Sexual harassment in police 'serious': Supervisors accused of inaction

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The Independent Online
SEXUAL harassment of policewomen by colleagues is still a serious problem, according to a report on equal opportunities issued yesterday by the Inspectorate of Constabulary.

The report, the first by the service openly to acknowledge the extent of sexual harassment within it, says breaches of equal opportunities policy are often 'instigated or defended' by chief officers. It makes 19 recommendations for improvements.

Women represent about 12 per cent of the service; the report says they are over-represented in posts such as community relations and juvenile liaison and seriously under-represented in the CID, traffic and training.

The survey of 12 of the 43 forces in England and Wales concludes: 'There is a serious problem of sexual harassment of women . . . in the service. There is no evidence that women are institutionally barred from opportunities, but their expectations may be restricted by the existing culture.'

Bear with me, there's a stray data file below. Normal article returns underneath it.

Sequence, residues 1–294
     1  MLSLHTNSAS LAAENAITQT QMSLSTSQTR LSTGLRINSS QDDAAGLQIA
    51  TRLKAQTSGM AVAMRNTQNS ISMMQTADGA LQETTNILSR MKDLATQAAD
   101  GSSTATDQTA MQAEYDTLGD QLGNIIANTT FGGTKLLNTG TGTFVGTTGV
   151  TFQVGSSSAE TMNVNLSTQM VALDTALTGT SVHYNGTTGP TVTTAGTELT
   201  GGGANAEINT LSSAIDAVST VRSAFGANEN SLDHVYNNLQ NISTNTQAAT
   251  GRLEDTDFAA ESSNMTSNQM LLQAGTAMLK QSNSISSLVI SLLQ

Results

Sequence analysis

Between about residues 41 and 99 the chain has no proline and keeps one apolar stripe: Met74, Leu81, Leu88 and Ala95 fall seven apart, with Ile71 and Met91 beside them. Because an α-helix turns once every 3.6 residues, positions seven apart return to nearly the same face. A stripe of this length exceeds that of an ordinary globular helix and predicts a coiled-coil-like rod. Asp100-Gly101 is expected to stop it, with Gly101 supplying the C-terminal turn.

It says: 'There was strong evidence that women police officers were suffering persistent low- level harassment unchecked by supervisors . . . there was evidence of physical harassment which had been brought to the attention of supervisors and had not been dealt with.'

In the wake of the Alison Halford case, several policewomen are bringing industrial tribunal cases alleging sexual discrimination, and a recent study estimated 6 per cent of policewomen had suffered serious sexual assaults by colleagues.

The survey found no evidence of specialist posts being closed to ethnic minority officers. But in some forces 'an underlying level of racist banter was accepted'. It adds: 'Supervisors were unprepared to challenge or, worse, were prepared to join in.'

British women are more likely to complain about sexual harassment than their United States counterparts, according to a study published today.

About 42 per cent of British victims asked or told the 'harasser' to stop compared with 34 per cent of US women. Just 12 per cent of women in the US threatened to tell or told people of their difficulties, compared with 42 per cent in Britain.

The research, conducted by the University of St Thomas in St Paul, US, in co-operation with the Industrial Society in London, reported that 41 per cent of British respondents said their employers had policies prohibiting sexual harassment, while the figure in the US was 84 per cent.

Academics believe high profile cases in the US have deterred women from making an issue of the problems they face.